Design thinking is a collaborative approach to finding new ideas and solutions based on the input from all stakeholders, as opposed to trying to impose processes on people and make assumptions based on theoretical concepts disconnected from the day-to-day activities of employees. The concept originates for product design and IT, but, like Agile approaches, it is increasingly used for HR solutions and programs.
The fundamental questions behind the Design Thinking philosophy are: How to put the employee’s experience at the center of the solution development process? How to learn from stakeholders and end users’ experiences to simplify processes and make tool and solutions intuitive and easy to use? Ultimately the objectives are to increase employee and business stakeholder satisfaction, leverage efficiencies, and increase return on investment.
The rising of agile teams specialized in design thinking is contributing to a surge in the number of cross-functional teams.
We often hear about onboarding, a concept that has existed since the 1970s and details structured approaches to provide new employees with the information and skills required to become efficient in their jobs. Onboarding has enjoyed additional exposure as new technology increasingly offers technological solutions to manage and automatize processes. But onboarding new recruits is only a first step in the employee journey. Crossboarding, which is about leveraging existing resources within the organization as opposed to recruit externally is becoming equally important as organizational changes trigger more lateral moves – i.e. moves between functions – and increase the number of cross-functional teams. More generally the development of Crossboarding is a recognition that fostering lateral moves is important for both the companies and the employees.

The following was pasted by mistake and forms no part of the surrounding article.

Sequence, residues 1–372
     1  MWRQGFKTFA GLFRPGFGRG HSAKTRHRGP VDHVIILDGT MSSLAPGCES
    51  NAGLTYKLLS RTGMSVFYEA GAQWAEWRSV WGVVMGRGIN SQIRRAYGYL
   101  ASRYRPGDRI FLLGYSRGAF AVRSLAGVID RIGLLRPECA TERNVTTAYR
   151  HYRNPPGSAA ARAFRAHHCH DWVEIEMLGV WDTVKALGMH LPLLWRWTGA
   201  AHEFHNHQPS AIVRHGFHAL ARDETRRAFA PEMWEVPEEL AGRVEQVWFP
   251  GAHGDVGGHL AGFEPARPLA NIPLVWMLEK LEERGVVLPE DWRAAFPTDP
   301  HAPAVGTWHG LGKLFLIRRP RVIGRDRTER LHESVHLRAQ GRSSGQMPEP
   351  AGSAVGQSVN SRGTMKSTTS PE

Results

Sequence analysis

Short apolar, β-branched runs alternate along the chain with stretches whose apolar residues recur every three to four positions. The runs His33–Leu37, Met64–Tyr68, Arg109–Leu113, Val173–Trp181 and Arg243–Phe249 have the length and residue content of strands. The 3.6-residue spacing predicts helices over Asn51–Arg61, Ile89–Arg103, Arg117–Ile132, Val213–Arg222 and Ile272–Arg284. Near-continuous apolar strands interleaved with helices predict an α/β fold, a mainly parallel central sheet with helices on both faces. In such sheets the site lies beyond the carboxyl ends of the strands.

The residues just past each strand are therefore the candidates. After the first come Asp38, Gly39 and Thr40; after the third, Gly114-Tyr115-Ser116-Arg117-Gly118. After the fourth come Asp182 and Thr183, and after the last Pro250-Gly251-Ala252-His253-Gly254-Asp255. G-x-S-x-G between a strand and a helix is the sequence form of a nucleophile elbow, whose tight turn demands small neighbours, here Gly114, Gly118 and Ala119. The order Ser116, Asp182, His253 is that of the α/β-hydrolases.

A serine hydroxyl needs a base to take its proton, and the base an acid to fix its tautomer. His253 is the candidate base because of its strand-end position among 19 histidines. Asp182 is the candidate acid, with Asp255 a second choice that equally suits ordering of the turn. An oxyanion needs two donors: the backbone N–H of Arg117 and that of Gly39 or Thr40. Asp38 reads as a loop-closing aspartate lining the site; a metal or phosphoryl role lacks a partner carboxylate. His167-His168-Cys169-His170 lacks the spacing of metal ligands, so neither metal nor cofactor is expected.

It is also a solution to address one of the perennial problems of international mobility: the difficulty to find a suitable job within the company upon repatriation. If it doesn’t work, the next step is offboarding.
Offboarding is the separation process when an employee leaves a company – but it doesn’t have to be the end. Some companies go to great lengths to maintain a link with their alumni. These alumni are viewed as the best ambassadors of the company and of its mobility programs. Another equally valid reason for caring about alumni is that they constitute an important talent pool for companies. International assignments can create situations where the companies cannot guarantee a job upon repatriation, or where assignees prefer to stay in the host location or move to another non-business essential location. Carefully managing the departure of these employees and keeping a link with them leaves the door open for future cooperation.
The future of work is about changing employers frequently, switching between career paths, and allowing individuals to market themselves globally. Under this model, the ability to attract and retain gig workers or re-employ high performers multiple times is a differentiator. Alumni, and former international assignees in particular, should be carefully managed as a part of the extended potential talent pool.